These days, videogames do a lot more than provide entertainment. Game designers and developers are finding new ways to incorporate education and awareness into their work, and some are even winning awards for it.
Assistant Professor Elizabeth LaPensée was recently awarded Best Digital Media Work for her latest game at the imagineNATIVE Film + Media Arts Festival, the world’s leading Indigenous media arts festival.
“Receiving this award is meaningful on so many levels, but mainly I am excited to bring attention to Thunderbird Strike and issues regarding pipelines,” said LaPensée.
Inside the Game
Thunderbird Strike is a side-scrolling game in which players can control a thunderbird, a figure in several Indigenous cultures, that uses lightning to revive animals and face off against a snake that threatens to swallow the lands and waters whole.
“I designed Thunderbird Strike to be a high-score game where players can strike lightning at oil infrastructure as well as activate animals and people back to life,” said LaPenée. “My greatest hope is to pass on stories of thunderbirds from my community.”
LaPensée has a joint appointment with ComArtSci’s Department of Media and Information and the College of Arts and Letters. Passionate about the intersections of media, culture and healing, LaPensée is eager to help students find ways to make a difference through their own game design and development.
“I’m glad to have the opportunity to teach Introduction to Serious Games, which focuses on games of all forms with an emphasis on awareness, education and action,” said LaPensée. “The Serious Games Certificate is a great pathway for master’s students interested in understanding how to use games for particular purposes or to develop games of their own.”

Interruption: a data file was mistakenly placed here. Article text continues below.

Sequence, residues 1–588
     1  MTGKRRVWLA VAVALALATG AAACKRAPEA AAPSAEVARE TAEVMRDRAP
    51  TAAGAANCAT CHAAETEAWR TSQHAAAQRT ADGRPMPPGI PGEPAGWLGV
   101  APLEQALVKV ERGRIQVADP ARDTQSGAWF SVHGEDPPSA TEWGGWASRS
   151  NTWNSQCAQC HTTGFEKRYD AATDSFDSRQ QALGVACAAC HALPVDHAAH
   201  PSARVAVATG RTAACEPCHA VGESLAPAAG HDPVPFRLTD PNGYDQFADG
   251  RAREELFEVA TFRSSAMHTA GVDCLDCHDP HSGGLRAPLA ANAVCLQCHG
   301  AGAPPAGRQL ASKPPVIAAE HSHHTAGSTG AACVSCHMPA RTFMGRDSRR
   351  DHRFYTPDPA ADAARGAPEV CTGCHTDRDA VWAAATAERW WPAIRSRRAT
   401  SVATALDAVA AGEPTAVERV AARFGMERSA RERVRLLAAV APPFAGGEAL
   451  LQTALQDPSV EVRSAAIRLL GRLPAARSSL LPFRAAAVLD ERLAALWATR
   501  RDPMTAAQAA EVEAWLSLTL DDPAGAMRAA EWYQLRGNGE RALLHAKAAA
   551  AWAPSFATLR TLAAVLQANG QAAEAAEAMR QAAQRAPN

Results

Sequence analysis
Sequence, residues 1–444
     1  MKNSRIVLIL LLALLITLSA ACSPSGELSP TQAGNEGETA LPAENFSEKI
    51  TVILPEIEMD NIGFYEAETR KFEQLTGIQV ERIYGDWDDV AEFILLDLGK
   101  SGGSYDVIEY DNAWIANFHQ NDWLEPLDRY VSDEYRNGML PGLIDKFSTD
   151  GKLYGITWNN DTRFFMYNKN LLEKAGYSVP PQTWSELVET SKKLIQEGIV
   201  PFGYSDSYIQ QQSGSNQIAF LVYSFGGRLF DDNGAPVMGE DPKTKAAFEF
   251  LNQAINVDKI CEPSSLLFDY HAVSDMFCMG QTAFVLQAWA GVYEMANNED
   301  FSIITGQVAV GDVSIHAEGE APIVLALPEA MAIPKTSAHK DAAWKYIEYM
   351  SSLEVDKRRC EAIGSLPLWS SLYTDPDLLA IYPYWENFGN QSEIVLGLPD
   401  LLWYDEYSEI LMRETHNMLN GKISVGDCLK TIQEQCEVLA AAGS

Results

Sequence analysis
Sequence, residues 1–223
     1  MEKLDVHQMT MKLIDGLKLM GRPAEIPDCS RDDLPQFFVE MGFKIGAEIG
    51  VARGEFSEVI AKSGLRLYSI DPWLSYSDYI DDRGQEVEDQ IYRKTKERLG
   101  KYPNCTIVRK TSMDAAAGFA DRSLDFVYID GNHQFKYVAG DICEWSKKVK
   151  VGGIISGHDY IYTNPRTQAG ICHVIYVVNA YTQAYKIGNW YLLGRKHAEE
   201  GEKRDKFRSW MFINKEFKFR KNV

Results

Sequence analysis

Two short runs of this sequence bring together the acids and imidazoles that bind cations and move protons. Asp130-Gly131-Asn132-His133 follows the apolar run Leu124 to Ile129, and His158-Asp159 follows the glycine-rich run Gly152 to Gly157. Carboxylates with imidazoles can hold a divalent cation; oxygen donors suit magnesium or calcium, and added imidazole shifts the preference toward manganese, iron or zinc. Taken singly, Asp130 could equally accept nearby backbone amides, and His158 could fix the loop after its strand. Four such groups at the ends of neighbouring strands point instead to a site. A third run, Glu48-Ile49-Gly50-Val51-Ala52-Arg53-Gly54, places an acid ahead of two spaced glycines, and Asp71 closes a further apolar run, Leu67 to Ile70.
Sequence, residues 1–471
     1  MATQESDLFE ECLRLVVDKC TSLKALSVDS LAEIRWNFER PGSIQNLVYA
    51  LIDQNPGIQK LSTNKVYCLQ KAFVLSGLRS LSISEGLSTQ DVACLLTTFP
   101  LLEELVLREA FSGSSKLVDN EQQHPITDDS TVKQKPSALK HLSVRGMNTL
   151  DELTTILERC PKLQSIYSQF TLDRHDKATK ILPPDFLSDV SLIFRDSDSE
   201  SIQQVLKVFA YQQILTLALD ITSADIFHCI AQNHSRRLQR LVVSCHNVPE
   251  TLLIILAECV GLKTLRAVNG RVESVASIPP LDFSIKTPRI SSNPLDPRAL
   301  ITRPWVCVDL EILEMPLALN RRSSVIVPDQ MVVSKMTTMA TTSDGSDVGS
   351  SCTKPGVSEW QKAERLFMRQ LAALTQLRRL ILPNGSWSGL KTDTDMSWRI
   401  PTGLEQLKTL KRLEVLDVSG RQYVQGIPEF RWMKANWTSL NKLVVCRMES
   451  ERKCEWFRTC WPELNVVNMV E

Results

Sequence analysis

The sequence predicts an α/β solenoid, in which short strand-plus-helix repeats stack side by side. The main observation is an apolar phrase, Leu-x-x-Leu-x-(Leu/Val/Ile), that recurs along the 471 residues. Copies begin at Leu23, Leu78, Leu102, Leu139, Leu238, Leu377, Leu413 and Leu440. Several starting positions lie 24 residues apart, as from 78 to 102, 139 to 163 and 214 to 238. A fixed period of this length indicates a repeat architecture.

The game also stirred some unexpected controversy. A grassroots group associated with oil interests released a statement claiming that the game promoted eco-terrorism. The story was picked up by news media across the country, though the erroneous facts within it were corrected slowly. The work did not, for instance, receive taxpayer funding from MSU or federal agencies.
Contrary to misperceptions, Dr. Johannes M. Bauer, chairperson of the Department of Media and Information, said that the game is educational, artistic and has no intention to encourage any violence. It is a creative work of art that addresses some of the important issues of our time.
“Dr. LaPensée is a fantastic artist, writer and game designer,” said Bauer. “Thunderbird Strike links indigenous stories and symbols to current issues of public importance. Robust democracy and dealing with controversial matters is contingent on the freedom of expression and of the arts. We are pleased to have [LaPensée] on our faculty.”
Thunderbird Strike was created with design, art and writing by LaPensée; music and sound effects by NÀHGĄ a.k.a. Casey Koyczan; and programming by Adrian Cheater and Aubrey Jane Scott. It was developed thanks to the Arrowhead Regional Arts Council through residencies including O k'inādās Residency, The Banff Musicians in Residence Program and Territ-Aur(i)al Imprints Exchange.
By Kaitlin Dudlets